Project history: Unit was the third in a series of visual art projects in County Laois. The first took place in 2006 when Laois Arts Service developed an Artists’ Symposium held at Emo Court, a beautiful rural country estate and parkland. Artists were asked to respond and to make new work in this rural environment of over a number of weeks. The artists included Barbara Nealon, James Hayes, Julie Merriman and Lisa Fingleton.
In 2007 Laois Arts service commissioned Finding Portlaoise, curated by Maria Kerin, this project focused on a number of urban interventions, which encouraged artists to address the changing context and growth of Portlaoise town. Which at the time, had experienced significant social and infrastructural changes. Further details of both these projects are available on request from Laois Art Service.
Unit the project, 2008/09 was led by Sarah Searson and commissioned by Laois Arts service as a residency project. The project asked artists to spend time working within the physical and material sphere of the town, exploring its social, economic and geographical aspects. Artists and curators worked together to highlight everyday concerns that might be apparent and of interest them. Curators and artists worked closely together throughout the project. Four curators were invited to nominate four artists; the key participants were; Padraic E Moore and Theresa Nanigian, Sally Timmons and Ruth Lyons, Cliodhna Shaffrey and Vera Klute, Sarah Searson and Hope Inherent.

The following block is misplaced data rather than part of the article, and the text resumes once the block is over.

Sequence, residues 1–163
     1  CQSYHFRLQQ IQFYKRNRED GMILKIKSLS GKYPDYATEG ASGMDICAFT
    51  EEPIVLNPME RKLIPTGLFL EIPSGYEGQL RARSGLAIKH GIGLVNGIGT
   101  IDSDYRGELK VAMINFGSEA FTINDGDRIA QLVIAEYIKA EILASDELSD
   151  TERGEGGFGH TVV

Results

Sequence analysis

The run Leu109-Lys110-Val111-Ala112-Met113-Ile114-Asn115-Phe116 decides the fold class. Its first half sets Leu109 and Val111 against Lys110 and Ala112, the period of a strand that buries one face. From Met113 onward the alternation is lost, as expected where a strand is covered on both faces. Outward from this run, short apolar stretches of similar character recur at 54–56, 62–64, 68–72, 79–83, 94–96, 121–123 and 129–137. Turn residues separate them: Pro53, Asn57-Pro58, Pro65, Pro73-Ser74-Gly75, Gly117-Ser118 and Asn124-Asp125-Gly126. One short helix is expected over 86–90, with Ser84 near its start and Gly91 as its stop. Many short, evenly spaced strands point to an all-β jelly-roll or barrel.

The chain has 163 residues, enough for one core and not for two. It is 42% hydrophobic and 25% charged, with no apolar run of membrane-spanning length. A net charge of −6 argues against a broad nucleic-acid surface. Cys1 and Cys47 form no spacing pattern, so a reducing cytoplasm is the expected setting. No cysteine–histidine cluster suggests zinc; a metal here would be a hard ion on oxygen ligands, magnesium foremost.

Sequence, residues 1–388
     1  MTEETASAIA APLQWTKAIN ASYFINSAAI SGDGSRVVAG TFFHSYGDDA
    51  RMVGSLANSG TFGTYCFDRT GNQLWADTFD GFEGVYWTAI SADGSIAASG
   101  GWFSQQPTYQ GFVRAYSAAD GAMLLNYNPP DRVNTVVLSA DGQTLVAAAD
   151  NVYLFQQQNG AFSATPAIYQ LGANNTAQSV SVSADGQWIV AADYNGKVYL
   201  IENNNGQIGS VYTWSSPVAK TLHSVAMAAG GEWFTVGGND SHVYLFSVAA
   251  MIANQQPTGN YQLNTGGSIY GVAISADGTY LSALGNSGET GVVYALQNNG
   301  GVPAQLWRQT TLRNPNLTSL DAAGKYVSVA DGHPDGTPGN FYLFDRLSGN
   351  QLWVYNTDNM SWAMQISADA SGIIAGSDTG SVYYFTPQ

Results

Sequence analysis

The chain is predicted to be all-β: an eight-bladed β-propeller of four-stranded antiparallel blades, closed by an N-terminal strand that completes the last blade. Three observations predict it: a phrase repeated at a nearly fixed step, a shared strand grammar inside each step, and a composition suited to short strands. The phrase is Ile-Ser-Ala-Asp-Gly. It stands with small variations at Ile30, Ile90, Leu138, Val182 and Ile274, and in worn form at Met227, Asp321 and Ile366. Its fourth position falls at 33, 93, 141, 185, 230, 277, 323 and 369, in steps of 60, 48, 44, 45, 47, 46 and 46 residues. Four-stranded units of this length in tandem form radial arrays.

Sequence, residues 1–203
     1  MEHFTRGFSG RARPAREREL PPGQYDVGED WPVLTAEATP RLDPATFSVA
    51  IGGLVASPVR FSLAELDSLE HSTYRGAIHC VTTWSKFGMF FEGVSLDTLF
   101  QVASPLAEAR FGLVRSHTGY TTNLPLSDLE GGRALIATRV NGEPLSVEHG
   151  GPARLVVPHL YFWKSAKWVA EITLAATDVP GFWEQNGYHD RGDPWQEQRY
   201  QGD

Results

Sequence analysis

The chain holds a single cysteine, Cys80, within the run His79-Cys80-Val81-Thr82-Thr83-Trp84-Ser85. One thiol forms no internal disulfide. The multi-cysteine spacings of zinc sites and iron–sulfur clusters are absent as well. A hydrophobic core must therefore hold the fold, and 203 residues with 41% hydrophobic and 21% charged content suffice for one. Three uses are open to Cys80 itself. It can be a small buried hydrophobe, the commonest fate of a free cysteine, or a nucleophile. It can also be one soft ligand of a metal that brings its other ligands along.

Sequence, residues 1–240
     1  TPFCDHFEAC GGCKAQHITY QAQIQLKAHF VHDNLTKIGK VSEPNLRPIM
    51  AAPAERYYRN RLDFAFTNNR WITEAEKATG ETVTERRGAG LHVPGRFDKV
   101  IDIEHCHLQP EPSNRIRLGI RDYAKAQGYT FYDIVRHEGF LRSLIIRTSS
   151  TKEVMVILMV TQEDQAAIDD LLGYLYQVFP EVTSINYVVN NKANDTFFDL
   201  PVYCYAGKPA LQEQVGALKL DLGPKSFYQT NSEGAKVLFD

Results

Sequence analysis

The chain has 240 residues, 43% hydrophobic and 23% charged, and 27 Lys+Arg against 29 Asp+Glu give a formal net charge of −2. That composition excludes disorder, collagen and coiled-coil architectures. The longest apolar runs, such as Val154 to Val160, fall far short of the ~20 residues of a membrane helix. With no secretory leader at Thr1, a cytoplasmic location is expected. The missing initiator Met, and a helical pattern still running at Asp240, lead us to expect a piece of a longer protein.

The Unit project was designed to offer an alternative way of commissioning public art projects in the town and surrounds of Portlaoise. The projects structure was designed to be supportive of thinking, making and writing. The ethos of the project was to work by mutually investing in the key participants. Inviting artists and curators/writers to work alongside each other while thinking of their practice in relation to context and place rather than be asked to respond to it.
The artists had in-depth support from the writers/curators along the time frame of about five or six months. The local authority financially and administratively supported the project and worked with the lead curator Sarah Searson on the development of its structure.